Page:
The brown marmorated stink bug (Halyomorpha halys) is an invasive species originally from Asia.
It has become a significant agricultural pest in the United States since its first discovery in Pennsylvania in the late ’90s.
These bugs are known for their distinctive shield shape and brown mottling, as well as the unpleasant odor they release when disturbed.
The life cycle of the brown marmorated stink bug is an important aspect to understand in order to manage their impact on agriculture.
The bugs go through five nymphal stages before reaching adulthood. Their development is heavily influenced by temperature and food availability.
Adult female stink bugs lay clusters of 20-30 light green or yellow, elliptical-shaped eggs on plant leaves and stems.
The eggs typically hatch within a week, and the emerging nymphs begin to feed on nearby plant tissues.
As they grow and molt through their various life stages, the nymphs cause significant damage to crops by piercing plant tissues and sucking out nutrients.
Brown Marmorated Stink Bug Overview
Origin and Distribution
The brown marmorated stink bug (Halyomorpha halys) is an insect species native to China, Japan, Korea, and Taiwan.
It was first introduced in the Eastern United States in the 1990s, and later spread to North America, Europe, and South America.
Appearance and Identification
This stink bug belongs to the family Pentatomidae and the genus Halyomorpha.
Adult brown marmorated stink bugs are shield-shaped with brown mottling, measuring between 14 and 17 mm long, roughly the size of a U.S. dime.
They have alternating broad light and dark bands on their abdominal edges and last two antennal segments1.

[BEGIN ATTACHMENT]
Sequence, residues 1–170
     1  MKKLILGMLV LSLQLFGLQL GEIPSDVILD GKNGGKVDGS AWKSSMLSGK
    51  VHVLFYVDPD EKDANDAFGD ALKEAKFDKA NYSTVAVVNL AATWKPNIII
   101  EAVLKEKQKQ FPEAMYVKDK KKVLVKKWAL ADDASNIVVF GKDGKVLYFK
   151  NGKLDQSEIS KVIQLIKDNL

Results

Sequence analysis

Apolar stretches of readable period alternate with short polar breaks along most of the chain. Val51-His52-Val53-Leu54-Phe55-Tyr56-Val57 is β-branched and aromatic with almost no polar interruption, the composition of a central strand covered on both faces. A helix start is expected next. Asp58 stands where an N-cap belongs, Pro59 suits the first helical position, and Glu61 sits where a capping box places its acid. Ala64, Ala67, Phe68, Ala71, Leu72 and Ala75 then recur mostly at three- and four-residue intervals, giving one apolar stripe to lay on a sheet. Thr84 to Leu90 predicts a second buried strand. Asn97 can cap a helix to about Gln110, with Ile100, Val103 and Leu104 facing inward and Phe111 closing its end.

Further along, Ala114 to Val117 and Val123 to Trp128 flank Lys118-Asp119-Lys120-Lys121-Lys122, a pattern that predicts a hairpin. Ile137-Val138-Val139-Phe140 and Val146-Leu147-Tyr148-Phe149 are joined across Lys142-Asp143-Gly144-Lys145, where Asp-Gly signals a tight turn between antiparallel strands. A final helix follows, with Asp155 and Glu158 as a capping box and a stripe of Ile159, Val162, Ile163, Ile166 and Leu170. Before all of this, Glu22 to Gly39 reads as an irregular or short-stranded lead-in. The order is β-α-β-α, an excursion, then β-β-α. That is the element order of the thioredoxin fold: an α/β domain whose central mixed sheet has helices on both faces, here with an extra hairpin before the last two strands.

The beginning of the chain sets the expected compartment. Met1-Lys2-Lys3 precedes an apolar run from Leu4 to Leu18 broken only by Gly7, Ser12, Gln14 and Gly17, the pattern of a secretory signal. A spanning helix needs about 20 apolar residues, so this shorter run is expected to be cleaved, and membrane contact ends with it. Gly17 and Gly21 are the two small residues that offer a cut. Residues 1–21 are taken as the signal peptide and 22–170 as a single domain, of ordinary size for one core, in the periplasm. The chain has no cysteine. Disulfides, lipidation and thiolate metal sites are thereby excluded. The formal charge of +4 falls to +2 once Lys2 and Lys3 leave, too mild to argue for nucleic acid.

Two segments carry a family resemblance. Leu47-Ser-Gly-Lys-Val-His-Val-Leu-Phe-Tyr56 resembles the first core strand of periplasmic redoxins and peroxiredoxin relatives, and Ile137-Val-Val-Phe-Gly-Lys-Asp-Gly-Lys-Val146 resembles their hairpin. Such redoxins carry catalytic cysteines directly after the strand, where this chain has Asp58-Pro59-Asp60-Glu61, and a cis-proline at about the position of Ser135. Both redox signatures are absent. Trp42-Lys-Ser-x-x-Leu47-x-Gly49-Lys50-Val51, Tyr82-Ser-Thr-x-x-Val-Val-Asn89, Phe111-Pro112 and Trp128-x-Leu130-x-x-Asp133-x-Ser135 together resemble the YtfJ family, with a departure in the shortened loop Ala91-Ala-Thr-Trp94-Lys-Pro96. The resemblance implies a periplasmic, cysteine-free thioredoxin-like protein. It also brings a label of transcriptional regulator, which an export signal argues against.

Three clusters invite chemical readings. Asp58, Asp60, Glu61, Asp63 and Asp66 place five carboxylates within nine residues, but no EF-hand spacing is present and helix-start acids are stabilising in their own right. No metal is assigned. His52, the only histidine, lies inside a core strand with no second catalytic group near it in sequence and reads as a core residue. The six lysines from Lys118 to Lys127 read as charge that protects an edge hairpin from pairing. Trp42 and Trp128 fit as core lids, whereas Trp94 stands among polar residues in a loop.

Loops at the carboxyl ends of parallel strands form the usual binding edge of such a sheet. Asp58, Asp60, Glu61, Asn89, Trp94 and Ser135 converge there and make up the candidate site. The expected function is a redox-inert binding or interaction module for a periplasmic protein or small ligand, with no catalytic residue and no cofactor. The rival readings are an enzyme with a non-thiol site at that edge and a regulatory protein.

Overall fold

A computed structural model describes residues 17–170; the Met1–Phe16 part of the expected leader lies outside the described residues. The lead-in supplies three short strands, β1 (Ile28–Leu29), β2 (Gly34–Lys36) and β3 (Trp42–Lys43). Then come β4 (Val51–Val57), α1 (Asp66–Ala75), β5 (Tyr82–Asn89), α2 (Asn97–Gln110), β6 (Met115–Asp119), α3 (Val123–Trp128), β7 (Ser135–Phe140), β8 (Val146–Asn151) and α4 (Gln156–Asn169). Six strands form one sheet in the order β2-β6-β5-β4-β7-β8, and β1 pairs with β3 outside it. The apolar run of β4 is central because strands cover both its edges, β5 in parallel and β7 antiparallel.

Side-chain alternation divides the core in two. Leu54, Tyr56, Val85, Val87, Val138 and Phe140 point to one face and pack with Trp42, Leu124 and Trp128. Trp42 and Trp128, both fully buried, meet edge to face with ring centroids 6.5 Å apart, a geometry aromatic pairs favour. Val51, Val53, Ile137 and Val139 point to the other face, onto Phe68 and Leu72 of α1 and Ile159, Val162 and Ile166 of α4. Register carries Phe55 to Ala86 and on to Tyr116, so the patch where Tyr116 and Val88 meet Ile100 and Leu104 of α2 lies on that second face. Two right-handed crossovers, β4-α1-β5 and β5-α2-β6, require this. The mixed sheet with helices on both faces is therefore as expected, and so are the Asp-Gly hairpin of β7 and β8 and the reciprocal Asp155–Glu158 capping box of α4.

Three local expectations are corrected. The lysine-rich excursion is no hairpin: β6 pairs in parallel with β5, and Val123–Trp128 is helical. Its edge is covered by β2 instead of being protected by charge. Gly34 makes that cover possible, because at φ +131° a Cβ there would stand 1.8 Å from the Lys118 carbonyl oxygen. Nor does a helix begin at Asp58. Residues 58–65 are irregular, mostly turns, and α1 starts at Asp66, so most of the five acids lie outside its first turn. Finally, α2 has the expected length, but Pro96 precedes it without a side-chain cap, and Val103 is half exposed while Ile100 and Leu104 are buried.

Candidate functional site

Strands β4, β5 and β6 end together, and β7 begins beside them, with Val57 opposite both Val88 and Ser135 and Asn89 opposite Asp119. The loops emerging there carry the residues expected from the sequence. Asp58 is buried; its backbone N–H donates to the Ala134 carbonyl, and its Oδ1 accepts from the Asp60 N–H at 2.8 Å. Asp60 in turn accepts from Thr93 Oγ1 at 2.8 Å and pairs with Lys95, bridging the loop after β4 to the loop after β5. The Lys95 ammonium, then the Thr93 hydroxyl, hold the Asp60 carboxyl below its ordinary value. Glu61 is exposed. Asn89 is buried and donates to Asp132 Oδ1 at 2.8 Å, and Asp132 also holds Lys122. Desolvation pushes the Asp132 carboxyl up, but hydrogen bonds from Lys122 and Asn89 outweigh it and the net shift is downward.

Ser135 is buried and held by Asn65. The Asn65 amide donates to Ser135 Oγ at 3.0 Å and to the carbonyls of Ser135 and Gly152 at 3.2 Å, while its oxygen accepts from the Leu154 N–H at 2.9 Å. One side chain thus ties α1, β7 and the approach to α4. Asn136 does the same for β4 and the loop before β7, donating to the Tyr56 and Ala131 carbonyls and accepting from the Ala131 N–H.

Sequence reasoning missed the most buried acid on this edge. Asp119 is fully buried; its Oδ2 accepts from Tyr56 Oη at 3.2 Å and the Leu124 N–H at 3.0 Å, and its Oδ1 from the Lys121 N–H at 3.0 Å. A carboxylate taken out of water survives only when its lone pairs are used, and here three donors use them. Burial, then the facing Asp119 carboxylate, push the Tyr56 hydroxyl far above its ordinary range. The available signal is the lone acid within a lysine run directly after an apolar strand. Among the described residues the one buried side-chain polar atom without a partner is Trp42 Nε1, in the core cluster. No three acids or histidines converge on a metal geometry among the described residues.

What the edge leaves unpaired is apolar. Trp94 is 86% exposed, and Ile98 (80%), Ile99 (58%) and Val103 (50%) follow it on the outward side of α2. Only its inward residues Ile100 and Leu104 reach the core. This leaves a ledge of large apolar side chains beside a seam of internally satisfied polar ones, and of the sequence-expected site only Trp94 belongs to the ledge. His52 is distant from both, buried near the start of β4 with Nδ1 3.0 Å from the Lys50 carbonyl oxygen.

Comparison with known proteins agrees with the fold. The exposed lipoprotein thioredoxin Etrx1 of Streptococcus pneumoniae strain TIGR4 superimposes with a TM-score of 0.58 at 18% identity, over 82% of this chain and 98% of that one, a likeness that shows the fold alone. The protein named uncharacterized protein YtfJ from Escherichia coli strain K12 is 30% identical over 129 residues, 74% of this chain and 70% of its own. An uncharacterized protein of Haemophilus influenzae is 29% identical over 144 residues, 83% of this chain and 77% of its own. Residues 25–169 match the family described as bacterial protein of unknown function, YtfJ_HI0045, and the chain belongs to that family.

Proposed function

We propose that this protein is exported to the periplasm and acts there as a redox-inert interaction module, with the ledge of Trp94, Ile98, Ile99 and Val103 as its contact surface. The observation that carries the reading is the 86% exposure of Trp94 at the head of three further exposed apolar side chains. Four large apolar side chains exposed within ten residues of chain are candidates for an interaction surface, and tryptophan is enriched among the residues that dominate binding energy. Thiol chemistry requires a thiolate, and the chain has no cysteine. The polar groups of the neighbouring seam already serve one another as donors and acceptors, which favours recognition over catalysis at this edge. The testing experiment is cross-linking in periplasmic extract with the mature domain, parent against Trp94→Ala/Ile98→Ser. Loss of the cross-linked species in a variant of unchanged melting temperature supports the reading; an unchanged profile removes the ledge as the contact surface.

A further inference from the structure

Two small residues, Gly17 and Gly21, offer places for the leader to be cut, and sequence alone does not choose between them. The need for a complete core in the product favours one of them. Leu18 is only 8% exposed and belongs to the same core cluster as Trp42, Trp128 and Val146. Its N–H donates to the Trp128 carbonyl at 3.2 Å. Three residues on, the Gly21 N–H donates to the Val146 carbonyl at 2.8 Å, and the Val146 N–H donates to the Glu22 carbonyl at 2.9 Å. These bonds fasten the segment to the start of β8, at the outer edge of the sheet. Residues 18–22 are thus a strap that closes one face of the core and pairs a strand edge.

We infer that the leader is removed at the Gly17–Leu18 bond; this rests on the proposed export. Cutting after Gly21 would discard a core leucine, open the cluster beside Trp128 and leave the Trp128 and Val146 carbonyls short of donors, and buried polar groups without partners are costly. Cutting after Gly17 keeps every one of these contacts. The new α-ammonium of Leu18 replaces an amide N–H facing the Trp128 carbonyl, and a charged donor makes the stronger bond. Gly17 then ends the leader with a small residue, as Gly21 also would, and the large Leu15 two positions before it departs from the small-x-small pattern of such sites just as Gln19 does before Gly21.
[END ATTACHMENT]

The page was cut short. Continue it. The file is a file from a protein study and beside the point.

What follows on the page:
Invasive Species Status
Since its introduction, the brown marmorated stink bug has become an invasive species, causing damage to fruit, vegetable, and grain crops.
They have piercing-sucking mouthparts with a straw-like stylet that sucks plant juices2.
They prefer to feed on reproductive structures like fruits, pods, and seeds2.
Brown Marmorated Stink Bug Life Cycle and Development
Mating and Reproduction
The brown marmorated stink bug reproduces through mating.
- Mating: Triggered by pheromones released by the female
- Temperature: Higher mating activities during warmer months (May through August)
Brown marmorated stink bug (BMSB) females lay clusters of 20-30 light green or yellow, elliptical-shaped eggs on the underside of leaves and stems, from May to August.
The eggs are typically laid on the host plant, where nymphs will later feed.
Brown Marmorated Stink Bug Eggs and Hatchlings
After hatching, BMSB undergoes five nymphal stages, known as instars, before becoming adults.
Each instar lasts about one week, with the nymphs growing and molting at each stage. Nymphs have distinct characteristics:
- First instar: dark, with orange-red highlights
- Second to fifth instar: black and white striped antennae, and black and red abdominal markings
Nymphal feeding mainly focuses on the leaves, stems, and fruits of host plants.
Adult BMSBs reach a size of 14-17 mm long and have a shield-shaped body with brown mottling.
Their abdominal edges and last two antennal segments display alternating broad light and dark bands.
Adult BMSBs can live for several months, and their primary role is reproduction.